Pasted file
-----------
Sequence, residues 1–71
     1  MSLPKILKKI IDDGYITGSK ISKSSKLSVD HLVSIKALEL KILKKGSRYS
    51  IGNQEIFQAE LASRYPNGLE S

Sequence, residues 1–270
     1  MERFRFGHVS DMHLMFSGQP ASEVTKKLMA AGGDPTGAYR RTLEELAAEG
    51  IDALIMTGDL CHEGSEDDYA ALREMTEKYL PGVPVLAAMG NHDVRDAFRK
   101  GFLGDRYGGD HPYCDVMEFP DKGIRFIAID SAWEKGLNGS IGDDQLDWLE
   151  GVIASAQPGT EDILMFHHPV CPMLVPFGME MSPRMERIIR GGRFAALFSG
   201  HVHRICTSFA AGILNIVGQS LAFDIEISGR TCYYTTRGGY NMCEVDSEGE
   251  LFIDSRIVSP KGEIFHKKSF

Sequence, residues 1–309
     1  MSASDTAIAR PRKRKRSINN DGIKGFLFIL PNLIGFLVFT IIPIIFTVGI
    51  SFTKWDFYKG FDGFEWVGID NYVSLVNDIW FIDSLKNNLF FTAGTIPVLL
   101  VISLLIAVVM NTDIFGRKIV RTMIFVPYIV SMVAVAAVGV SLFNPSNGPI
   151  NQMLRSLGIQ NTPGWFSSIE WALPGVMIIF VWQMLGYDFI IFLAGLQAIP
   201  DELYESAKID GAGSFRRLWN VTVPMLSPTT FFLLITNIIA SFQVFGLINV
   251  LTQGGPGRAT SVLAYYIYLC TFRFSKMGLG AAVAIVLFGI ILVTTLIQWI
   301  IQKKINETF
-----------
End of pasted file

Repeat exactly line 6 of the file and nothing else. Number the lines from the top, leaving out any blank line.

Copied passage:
    51  IDALIMTGDL CHEGSEDDYA ALREMTEKYL PGVPVLAAMG NHDVRDAFRK